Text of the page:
Fade out. Credits.
That made me laugh just typing it, which is a good thing, because that’s all we’ve got, the still picture above and the prep for the dive on the platform. The last minute of Hard Luck is gone forever, either because nobody thought it important enough to keep, or the negatives were recycled into war materials, or whatever happens to things that we lose and regret losing. In multiple interviews, Keaton mentions this gag, and how much he wishes we could still see it.
What remains, admittedly, is pretty good. The plot’s pretty cockamamie, but when aren’t they? Buster, consumed by heartache over a lost girl (that it turns out he never had in the first place), decides to kill himself—and fails spectacularly. He tries to hang himself but takes down the tree instead. He tries to jump into the path of a speeding car, but…
He downs a bottle of “poison” that turns out just to be a waiter’s moonshine. Drunk on the liquor, he agrees to 1) become part of a zoological society; and 2) to capture a rare wild animal (an armadillo!) for it. This leads to a tumble that combines freewheeling nuttiness with a certain panache that I find incredibly sexy and appealing in Keaton. Look around screwily he enters the scene—the zoo society’s clubhouse—but how quickly he feels at home:
None of this goes as planned, and he ends up rescuing the love of his life—again, she doesn’t know it—from bandits. The gag is that it’s when he’s not trying to commit suicide that he gets into the most danger. (I mean, really, who finds himself in trouble from hunting an armadillo? Well, I guess when you accidentally catch a bear instead…) The trouble culminates in a shootout in which he cannily doesn’t participate, loading a boiler with shotgun shells and then fleeing the premises…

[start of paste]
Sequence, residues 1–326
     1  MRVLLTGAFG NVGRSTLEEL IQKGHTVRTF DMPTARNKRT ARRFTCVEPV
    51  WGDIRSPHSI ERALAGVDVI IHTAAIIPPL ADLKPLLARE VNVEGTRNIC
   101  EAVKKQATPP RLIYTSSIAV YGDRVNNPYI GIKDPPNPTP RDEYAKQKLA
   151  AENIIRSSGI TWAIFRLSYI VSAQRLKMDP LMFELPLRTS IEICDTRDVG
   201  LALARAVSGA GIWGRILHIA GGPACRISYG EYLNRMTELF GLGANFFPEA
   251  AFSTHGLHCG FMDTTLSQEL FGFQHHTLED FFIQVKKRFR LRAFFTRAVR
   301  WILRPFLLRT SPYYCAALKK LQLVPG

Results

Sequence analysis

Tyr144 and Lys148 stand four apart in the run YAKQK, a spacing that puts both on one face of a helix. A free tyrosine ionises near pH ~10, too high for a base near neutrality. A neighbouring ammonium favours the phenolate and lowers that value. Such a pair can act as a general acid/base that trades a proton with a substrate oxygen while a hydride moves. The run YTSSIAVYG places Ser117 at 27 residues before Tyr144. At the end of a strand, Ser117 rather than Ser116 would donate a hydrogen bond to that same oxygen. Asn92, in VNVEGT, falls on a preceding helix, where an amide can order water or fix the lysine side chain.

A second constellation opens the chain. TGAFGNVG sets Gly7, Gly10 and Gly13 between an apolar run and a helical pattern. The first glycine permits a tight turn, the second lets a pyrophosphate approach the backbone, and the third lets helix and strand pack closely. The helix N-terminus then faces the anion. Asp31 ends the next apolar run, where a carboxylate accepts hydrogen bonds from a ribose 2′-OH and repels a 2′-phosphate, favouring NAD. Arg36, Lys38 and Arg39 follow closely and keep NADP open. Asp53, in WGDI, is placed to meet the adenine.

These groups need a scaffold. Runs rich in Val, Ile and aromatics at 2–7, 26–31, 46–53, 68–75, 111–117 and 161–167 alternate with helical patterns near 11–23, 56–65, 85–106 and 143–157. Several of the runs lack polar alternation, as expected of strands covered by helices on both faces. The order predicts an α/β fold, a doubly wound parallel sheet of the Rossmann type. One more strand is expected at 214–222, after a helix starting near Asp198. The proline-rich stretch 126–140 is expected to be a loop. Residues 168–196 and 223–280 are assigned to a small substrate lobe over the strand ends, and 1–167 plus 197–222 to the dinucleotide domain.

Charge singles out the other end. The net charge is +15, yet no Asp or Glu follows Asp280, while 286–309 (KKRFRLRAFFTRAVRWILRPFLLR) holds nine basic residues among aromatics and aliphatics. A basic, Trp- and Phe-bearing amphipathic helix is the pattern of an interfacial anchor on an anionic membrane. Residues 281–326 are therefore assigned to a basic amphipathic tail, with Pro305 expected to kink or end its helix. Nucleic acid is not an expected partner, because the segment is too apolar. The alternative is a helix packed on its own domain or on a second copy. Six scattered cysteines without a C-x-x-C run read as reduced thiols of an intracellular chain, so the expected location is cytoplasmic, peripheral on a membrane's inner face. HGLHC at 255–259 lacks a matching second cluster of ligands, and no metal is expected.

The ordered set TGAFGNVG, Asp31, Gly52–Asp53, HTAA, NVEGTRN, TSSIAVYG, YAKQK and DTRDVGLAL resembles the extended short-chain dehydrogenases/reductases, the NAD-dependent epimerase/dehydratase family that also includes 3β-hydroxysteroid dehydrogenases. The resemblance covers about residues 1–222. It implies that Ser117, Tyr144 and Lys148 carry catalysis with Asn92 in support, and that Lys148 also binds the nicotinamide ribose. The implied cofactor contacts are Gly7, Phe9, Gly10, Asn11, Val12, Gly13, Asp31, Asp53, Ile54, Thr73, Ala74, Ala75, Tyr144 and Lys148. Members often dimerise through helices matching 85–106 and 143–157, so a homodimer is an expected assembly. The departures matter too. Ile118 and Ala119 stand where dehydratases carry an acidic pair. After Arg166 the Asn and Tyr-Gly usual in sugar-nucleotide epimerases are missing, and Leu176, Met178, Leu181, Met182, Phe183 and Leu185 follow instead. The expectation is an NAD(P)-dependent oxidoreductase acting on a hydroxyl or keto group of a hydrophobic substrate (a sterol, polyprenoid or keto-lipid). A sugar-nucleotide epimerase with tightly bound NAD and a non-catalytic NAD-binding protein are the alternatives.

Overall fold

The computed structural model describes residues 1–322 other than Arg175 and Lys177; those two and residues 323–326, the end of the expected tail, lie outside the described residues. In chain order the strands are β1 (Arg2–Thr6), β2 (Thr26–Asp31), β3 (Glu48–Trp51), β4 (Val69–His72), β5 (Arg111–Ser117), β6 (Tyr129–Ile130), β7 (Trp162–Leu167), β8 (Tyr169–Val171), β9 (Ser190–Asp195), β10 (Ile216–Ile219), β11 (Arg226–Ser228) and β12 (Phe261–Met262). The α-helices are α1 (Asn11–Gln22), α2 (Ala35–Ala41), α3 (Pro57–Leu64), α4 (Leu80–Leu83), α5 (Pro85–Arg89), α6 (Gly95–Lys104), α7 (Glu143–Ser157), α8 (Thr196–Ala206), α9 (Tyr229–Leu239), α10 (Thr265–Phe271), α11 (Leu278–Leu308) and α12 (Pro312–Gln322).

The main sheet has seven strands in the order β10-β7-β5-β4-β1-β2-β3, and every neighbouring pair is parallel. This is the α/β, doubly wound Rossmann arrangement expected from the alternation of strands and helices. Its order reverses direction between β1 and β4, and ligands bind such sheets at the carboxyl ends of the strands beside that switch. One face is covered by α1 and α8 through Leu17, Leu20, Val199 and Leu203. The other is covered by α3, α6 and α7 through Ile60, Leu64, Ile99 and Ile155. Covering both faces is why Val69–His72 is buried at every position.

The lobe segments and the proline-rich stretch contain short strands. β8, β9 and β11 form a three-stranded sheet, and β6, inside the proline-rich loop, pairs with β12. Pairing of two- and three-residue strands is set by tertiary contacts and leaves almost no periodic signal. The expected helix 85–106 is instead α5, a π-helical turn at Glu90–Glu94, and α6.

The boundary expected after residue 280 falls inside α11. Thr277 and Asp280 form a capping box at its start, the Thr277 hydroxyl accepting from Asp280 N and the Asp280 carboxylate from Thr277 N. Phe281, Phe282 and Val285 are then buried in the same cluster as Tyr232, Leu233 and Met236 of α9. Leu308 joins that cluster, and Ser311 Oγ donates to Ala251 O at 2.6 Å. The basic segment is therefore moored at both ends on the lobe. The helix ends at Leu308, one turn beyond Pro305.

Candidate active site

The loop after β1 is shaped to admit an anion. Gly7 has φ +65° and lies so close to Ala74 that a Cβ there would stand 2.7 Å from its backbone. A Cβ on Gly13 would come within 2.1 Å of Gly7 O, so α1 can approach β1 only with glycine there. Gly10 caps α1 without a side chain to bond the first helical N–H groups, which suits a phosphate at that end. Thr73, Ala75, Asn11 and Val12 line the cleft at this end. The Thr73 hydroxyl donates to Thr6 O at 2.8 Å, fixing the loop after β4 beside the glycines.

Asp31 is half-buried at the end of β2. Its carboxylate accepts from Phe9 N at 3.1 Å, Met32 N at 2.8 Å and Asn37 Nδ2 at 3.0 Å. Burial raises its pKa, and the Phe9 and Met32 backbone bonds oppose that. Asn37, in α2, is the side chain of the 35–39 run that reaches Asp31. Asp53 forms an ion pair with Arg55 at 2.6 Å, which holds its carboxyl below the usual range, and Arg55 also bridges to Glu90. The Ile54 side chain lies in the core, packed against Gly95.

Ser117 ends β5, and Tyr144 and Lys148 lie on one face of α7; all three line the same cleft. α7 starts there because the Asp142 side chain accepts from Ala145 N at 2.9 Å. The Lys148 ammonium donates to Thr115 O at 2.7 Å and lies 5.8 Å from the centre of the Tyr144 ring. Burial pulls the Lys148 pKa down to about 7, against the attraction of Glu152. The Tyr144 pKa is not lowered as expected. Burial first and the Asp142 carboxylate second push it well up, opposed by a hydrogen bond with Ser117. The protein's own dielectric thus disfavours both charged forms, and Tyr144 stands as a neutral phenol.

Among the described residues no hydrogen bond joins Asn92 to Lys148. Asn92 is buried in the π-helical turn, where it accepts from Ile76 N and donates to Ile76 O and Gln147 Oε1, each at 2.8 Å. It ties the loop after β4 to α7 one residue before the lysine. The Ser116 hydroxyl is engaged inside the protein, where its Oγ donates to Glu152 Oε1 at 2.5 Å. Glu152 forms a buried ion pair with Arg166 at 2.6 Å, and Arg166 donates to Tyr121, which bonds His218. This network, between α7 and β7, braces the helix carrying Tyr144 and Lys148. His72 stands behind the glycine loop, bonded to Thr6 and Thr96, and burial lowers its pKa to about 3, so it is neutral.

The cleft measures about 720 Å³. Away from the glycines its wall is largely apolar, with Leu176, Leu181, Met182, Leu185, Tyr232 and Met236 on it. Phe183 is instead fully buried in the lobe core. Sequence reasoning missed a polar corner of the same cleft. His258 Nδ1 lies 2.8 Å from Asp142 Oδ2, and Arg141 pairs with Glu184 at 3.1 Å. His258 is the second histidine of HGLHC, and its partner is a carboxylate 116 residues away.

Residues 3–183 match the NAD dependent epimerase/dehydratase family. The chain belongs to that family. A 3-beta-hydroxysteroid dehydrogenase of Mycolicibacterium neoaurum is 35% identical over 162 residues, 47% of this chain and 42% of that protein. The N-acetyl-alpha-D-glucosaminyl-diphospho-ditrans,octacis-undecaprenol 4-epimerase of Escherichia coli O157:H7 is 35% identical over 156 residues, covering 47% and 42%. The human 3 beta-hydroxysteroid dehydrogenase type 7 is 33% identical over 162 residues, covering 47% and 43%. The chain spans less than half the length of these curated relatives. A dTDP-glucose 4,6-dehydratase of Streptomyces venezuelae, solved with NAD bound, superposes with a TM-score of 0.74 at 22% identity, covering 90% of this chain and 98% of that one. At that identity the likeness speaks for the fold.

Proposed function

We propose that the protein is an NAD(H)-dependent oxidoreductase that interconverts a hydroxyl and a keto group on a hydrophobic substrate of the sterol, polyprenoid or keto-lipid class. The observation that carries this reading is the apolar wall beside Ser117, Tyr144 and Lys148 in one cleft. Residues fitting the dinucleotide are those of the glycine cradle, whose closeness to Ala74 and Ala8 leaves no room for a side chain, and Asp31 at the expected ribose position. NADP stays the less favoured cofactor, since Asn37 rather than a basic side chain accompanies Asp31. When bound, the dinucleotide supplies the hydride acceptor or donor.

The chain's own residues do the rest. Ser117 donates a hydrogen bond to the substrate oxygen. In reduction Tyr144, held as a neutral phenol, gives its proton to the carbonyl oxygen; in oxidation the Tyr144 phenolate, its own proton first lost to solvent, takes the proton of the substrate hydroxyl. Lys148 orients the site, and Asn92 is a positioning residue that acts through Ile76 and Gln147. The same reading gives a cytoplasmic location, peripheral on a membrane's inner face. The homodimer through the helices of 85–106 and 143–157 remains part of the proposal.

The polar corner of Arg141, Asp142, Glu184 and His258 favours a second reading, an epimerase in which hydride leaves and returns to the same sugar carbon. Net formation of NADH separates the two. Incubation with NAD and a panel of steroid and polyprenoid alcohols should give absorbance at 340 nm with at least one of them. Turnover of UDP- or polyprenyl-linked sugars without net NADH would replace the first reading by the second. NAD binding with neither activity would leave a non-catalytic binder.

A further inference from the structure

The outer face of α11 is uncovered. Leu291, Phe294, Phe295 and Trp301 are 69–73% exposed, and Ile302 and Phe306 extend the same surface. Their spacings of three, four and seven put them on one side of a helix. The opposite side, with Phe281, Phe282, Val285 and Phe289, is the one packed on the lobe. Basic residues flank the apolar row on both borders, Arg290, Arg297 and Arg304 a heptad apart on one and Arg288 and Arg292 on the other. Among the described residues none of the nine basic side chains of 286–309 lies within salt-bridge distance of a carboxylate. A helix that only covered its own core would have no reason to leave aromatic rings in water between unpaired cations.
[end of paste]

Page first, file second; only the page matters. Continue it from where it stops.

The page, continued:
…and, ultimately, with the diving board gag. (Incidentally, that digging-a-hole-to-China schoolyard gag has always made me ponder a semi-related question, for which, it turns out, there’s an actual answer. But I digress.)
There’s much that is funny about Hard Luck, especially in the morbid first third, with all the suicide attempts. But a lingering sadness hovered over the movie—again, with Buster trying to off himself, sure, but also that I know what’s missing, and how highly Buster thought of it. He was an artist with extraordinarily high standards. Note that he didn’t call that last gag a belly laugh, but “just a laugh.” Note that he apparently thinks more highly of this short than of The High Sign or One Week or The Scarecrow. Okay, I like Hard Luck, but he’s a poor judge of his own work, to my eyes. Still, it’s distressing when a director’s self-claimed masterpiece is missing its key gag, and that the surviving print is in such rough shape. There are splotches, tears, and missing frames throughout Hard Luck. It’s in worse condition than it deserves, even in the restored Blu-Ray version.
But then I think back to Bogdanovich, and to Alexandria, and I’m grateful we have Hard Luck at all.
1. Robert Franklin and Joan Franklin, “Interview with Buster Keaton” (November 1958). Transcribed for the Oral History Research Collection, Columbia University, by Kevin W. Sweeney, 2004. Printed in Buster Keaton: Interviews (University Press of Mississippi, 2007), ed. By Kevin W. Sweeney.↩